One problem with Brexit (British Exit) is that there there’s no such place as Britain; the United Kingdom is a four-nation state – but England, with 84% of the population and power, is totally dominant. On Sunday, Andrew Marr interviewed Mary Lou McDonald, leader of Sinn Fein; she explained, with impressive candour, how the way Scots MPs are treated at Westminster affirms why Sinn Fein don’t send their seven MPs. When Scotland and N. Ireland are soon exited from the EU, against the will of their peoples, the pretence of a ‘United Kingdom’ will be over.
The cause of independence was a natural ‘preference’ for me, from a life-long commitment to the principle of subsidiarity and local empowerment; I am more comfortable with the Green Party version than the SNP – who reveal a recurrent ‘centralising’ twitch. Because of the Brexit bungling. I’ve been watching more of the House of Commons than ever before; like Mary Lou McDonald, I’m appalled at the humiliating irrelevance of Scotland’s participation. We really must escape this English Parliament.
G.K. Chesterton wrote: The Romans “did not love Rome because she was great. Rome was great because the Romans loved her”. ‘Great’ is an inflated (Trumpeted) word, best avoided – but we can all hope and aspire that our future Scotland becomes an empowered, prosperous and caring place. Chesterton is saying that this can only be bestowed on a nation, by the shared vision of its own people. Scottish independence has shifted in my priorities – from ‘preference’ to ‘necessary’ – if we are to retain self-respect.
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In a recent Herald column, Kevin McKenna confirms he’s an ‘Old Labour type’ – that he wouldn’t vote for SNP – “which still harbours too many right-wing types and Micky Mouse liberals”. Old Labour was the main influence on my own politics, but I can’t forget the nastiness of its internal warfare – venemous. The SNP is moderate social democrat – a remarkably harmonious team – tries to offend no-one – if, like me, you favour self-government, that’s their ‘raison d’etre’. When I’m unimpressed, I look at the rest. Stiffened a bit by the Greens, the SNP are the best we’ve got right now – Mickey Mouse or not.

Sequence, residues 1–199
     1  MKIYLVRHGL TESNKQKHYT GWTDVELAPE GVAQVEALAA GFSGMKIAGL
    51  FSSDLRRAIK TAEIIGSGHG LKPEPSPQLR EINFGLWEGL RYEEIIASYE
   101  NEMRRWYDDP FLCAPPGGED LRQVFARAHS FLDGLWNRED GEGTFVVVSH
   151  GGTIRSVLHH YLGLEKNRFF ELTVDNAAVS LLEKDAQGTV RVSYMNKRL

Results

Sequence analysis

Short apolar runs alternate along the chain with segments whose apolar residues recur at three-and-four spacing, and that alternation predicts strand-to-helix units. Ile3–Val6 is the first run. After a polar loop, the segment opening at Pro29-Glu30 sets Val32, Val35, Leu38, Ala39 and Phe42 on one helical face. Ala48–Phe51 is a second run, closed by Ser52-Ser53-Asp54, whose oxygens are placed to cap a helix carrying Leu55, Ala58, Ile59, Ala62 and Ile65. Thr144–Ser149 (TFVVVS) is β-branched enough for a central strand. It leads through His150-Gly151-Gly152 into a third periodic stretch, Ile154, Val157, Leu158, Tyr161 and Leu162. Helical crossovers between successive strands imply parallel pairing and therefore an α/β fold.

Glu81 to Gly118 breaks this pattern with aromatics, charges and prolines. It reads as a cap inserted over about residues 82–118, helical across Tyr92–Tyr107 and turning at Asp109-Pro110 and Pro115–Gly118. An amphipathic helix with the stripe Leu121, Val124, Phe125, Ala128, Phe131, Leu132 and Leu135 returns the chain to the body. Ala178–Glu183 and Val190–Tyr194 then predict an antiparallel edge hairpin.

Vacant shops on the High St diminish not only the economy, but worse, the morale of our towns – but they also offer the opportunity for the community itself to take direct action. This piece about Midsteeple Quarter regeneration project in Dumfries is a good example of this action – and Community Land Scotland reports an ‘explosion’ of urban community buy-outs. But some communities are finding that empty properties sit on the books of some London Pension Fund at such an inflated value, that they are effectively ‘abandoned’. Some Govt intervention is required – taxing empty shops would get them moving. UPDATE…sadly, the Dumfries community bid for the shop came up short.